This past summer, for example, the and I launched a request for information with industry representatives, and Health Canada reached out to provinces and territories to better understand what is needed to successfully implement a long-term Canadian dental care program. What we learned through that process will help inform our approach as we work toward a permanent program.
I am pleased with the progress our government continues to make on this front as we develop and take necessary steps to put in place a robust, sustainable long-term dental care program for Canadians. I look forward to providing more details on that front in the coming months.
If passed, this bill will help hundreds of thousands of Canadian children who do not currently have access to dental care because of the cost of that care. Bill proposes an interim benefit, because children, whose teeth are still developing, are a priority for our government and for anyone who cares about oral health.
That being said, in closing, I would like to take a moment to talk about timelines. In budget 2022, our government committed to helping our youngest Canadians access dental care by the end of the year. Our goal is to ensure that children under 12 can access the Canada dental benefit by the end of 2022. I therefore urge all hon. members of the House to support this bill, , without delay.
Madam Speaker, I am very pleased to address the House about the measures the government is taking to make housing more affordable for Canadians.
Since 2015, our government has made housing a priority. Housing was at the heart of the last budget. Now, however, Canadians are increasingly feeling the effects of the increase in the cost of living. That is why we need to redouble our efforts and work together to develop an ambitious plan.
In 2017, we adopted the national housing strategy, the first of its kind in Canada’s history. This 10-year plan is supported by investments totalling more than $72 billion. The main objective of the national housing strategy is to create more housing for vulnerable Canadians, including seniors, women and children fleeing violence, indigenous people, veterans, people with disabilities, and people experiencing homelessness or at risk of becoming homeless.
The strategy has already been very successful. For example, last year in Quebec we announced $100 million to renovate low-cost housing, including 517 units that had been abandoned for years. We are continuing to adjust and broaden the strategy to keep up with the constantly changing situation. We are proposing new investments in a number of programs, as well as the extension and acceleration of financing for existing programs, which are helping the situation.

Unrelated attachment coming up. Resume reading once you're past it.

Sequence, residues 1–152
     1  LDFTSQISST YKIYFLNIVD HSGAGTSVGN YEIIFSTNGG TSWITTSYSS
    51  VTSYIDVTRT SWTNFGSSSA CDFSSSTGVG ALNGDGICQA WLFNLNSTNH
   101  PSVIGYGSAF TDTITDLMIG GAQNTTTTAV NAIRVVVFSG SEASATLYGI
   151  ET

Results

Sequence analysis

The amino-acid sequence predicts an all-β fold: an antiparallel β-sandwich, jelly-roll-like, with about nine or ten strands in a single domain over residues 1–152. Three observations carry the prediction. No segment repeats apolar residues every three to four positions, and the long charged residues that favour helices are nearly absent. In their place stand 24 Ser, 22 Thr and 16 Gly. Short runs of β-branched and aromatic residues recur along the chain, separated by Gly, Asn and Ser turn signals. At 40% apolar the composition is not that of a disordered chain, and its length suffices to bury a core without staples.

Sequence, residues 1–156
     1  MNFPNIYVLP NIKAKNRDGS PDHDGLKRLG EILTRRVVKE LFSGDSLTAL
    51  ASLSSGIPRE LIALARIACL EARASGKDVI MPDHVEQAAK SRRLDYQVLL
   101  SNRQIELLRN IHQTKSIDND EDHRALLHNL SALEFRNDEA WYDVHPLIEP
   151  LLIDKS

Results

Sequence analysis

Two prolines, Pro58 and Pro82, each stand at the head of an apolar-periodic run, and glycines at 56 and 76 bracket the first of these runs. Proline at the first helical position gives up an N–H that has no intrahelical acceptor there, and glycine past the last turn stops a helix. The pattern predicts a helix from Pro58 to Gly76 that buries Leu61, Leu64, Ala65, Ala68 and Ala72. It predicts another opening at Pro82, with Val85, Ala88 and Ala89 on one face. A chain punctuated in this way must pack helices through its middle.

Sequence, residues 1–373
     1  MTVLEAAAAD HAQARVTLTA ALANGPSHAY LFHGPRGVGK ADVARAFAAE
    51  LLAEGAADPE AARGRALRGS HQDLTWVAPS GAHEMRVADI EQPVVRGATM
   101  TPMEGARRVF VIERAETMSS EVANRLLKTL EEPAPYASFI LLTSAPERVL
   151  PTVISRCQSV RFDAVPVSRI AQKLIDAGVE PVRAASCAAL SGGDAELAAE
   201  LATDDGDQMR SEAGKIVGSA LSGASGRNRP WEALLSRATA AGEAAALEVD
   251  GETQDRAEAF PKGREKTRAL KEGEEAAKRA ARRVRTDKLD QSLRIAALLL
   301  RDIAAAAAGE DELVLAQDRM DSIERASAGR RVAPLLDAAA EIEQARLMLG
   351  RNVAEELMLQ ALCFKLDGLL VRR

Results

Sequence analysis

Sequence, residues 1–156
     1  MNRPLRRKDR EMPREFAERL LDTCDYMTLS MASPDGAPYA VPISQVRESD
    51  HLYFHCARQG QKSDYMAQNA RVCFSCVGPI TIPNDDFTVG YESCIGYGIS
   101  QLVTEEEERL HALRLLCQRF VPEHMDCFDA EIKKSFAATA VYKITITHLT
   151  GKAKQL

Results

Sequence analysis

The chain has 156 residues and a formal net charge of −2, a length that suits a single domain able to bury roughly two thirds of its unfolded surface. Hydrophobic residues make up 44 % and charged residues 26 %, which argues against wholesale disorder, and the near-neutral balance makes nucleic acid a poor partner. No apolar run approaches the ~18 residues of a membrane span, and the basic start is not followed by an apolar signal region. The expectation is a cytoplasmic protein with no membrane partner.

Although we are working hard to make Canadians’ lives more affordable, we recognize that many of them need immediate additional assistance. This is why we are proposing Bill , which provides a one-time top-up to the Canada housing benefit, consisting of a single payment of $500 to approximately 1.8 million renters who are struggling to pay their rent. This one-time federal allowance will be available to Canadians with adjusted net incomes of less than $35,000 for families, or $20,000 for individuals, and who pay at least 30% of their income on housing.
In Hochelaga, 70% of the population consists of renters, with over 24% paying more than 30% of their income on rent. This payment will double the commitment we made in the 2022 budget. We will therefore be able to help twice as many Canadians as we initially promised. This one-time payment will be in addition to the Canada housing benefit, which is currently jointly funded and provided by the provinces and territories. The Canada housing benefit, launched in 2020, was developed jointly with the provinces and territories. With joint financing of $4 billion over eight years, it provides direct financial support to those who are struggling to pay rent.
Canadians have told us loud and clear that affordable housing is one of their major concerns, and we agree. The pandemic and its effects on the economy brought to light and exacerbated the precarious housing conditions in which many people live. One of the main causes of unaffordable housing in Canada is insufficient supply. Housing supply is not keeping up with demand. This problem was aggravated by the pandemic and, as we know, goes well beyond the borders of major cities, affecting small towns and rural communities as well. Creating more housing units will increase affordability for all Canadians. It is urgent that we build additional affordable housing units, especially for those experiencing homelessness or at risk of becoming homeless.
That is why the rapid housing initiative will be extended for a third time. Announced in the 2022 budget, the third round of the rapid housing initiative includes $1.5 billion over two years, starting in 2022-23, to create at least 4,500 new affordable housing units to meet urgent needs across the country. Thanks to the excellent participation of our municipal partners and others, the first two rounds of the program exceeded all expectations. Overall, the third round of the rapid housing initiative will fund the construction of 14,500 housing units for the most vulnerable Canadians.